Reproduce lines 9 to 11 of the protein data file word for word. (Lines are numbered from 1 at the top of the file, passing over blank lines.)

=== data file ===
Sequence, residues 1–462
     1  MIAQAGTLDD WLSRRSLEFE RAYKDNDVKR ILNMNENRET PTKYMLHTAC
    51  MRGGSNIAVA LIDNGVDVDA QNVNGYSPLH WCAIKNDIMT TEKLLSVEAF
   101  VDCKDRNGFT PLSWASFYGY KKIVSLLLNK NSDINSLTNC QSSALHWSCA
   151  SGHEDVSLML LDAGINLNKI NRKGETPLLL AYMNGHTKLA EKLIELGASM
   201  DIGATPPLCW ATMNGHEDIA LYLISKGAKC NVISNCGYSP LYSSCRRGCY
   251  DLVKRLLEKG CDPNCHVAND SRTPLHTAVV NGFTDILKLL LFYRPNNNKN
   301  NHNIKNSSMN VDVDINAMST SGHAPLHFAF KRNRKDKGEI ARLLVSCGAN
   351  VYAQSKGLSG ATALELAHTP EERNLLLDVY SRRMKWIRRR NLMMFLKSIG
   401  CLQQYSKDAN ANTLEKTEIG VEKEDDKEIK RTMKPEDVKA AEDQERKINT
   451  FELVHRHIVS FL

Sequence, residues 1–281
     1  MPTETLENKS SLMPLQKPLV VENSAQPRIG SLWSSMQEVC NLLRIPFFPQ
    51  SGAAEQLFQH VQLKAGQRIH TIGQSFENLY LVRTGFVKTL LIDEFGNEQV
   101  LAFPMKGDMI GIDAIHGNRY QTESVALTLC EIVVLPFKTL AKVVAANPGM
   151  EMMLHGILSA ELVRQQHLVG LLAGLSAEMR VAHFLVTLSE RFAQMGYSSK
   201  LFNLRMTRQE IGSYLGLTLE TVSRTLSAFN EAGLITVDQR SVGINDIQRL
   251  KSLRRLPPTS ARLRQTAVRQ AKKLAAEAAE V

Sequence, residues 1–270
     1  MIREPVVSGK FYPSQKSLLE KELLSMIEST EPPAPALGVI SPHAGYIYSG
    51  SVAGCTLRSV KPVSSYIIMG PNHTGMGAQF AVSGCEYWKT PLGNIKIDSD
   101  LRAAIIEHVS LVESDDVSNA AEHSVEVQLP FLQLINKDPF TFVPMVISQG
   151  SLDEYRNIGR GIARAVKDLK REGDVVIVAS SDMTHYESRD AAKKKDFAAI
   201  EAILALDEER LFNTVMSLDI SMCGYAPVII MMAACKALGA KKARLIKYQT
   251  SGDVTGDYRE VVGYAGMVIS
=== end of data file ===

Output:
   351  VYAQSKGLSG ATALELAHTP EERNLLLDVY SRRMKWIRRR NLMMFLKSIG
   401  CLQQYSKDAN ANTLEKTEIG VEKEDDKEIK RTMKPEDVKA AEDQERKINT
   451  FELVHRHIVS FL